- Additional information is delivered in an ad hoc fashion and is driven entirely by what hypotheses were prioritized for validation, when they were validated, and who actually cares about the results. The core “results” are delivered on no more than five slides or pages (and, ideally, fit on 1 or 2). When appropriate, there is a supplemental appendix, a separate detailed writeup that goes into the methodology and detailed results, and/or a reasonably cleanly formatted spreadsheet with the deeper data.
“OMG, Tim! Are you actually saying that the only regularly scheduled reporting we should be doing are 1-page dashboards? And, are you saying that we should never be presenting more than 5 slides of information when we present analysis results?”
Yup. That’s my dreamy dream world.
But, sadly, although common sense says that makes sense — both from saving analysts time and preventing narcolepsy-by-PowerPoint — that is a too-radical shift for most companies.
A Recurring Report Structure that Deviously Moves in This Direction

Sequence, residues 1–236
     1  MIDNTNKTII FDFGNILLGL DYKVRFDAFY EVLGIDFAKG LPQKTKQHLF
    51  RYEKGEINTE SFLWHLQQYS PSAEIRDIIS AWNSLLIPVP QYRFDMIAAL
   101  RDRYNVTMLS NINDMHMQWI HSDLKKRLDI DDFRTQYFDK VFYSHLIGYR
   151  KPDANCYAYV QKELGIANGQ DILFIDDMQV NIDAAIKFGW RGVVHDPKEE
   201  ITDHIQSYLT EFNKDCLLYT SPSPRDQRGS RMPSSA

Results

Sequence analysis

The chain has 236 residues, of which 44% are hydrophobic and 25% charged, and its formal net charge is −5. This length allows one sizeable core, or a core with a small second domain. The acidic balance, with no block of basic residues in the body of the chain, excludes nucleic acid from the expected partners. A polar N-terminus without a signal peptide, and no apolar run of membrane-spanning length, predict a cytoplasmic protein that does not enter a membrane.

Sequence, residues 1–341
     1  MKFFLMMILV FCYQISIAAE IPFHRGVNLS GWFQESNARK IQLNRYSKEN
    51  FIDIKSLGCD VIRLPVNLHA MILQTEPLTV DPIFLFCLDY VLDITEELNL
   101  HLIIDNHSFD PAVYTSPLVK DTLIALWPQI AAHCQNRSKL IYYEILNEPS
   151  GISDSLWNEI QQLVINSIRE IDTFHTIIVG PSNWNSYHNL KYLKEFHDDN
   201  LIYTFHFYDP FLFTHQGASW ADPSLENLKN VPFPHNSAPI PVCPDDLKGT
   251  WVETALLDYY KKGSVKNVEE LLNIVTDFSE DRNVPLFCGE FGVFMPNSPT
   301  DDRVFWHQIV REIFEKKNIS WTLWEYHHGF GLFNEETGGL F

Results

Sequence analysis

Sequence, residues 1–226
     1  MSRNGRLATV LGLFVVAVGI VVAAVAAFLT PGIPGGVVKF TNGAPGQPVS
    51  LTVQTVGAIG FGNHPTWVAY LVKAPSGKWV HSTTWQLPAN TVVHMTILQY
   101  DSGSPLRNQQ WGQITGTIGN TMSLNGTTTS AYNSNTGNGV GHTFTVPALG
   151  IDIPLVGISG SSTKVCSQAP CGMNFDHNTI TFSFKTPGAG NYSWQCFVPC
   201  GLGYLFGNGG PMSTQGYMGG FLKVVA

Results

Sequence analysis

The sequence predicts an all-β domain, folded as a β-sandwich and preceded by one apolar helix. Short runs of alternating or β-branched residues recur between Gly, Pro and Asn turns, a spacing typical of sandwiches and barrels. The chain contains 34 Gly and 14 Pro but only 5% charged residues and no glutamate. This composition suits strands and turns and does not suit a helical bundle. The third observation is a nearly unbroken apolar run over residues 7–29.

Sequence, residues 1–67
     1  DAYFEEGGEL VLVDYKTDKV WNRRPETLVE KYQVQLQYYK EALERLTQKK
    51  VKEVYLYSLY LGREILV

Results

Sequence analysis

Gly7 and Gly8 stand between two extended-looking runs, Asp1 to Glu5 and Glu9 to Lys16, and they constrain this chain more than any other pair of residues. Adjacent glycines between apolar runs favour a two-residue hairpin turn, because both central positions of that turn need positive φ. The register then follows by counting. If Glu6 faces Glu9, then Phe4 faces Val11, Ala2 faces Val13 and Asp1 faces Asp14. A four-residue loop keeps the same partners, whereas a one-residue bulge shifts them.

Let’s get a little pragmatic. Harry Potter had less trouble taking out Voldemort than he would have had if he’d tried to drastically curtail the volume and length of corporate monthly reports.
Photo by Christian Guthier
So, let’s accept that monthly reports are here to stay for the foreseeable future. How can we make them better? Well, we have to combine performance measurement and hypothesis validation. So, first, I still say we do a low-latency, one-page, automated or quasi-automated distribution of the performance measurement dashboard. The intro to that email is pretty simple:
“Below is the performance measurement dashboard for X for <timeframe>. We are in the process of developing the full report. Let us know if you have any specific questions or comments based on the dashboard itself.”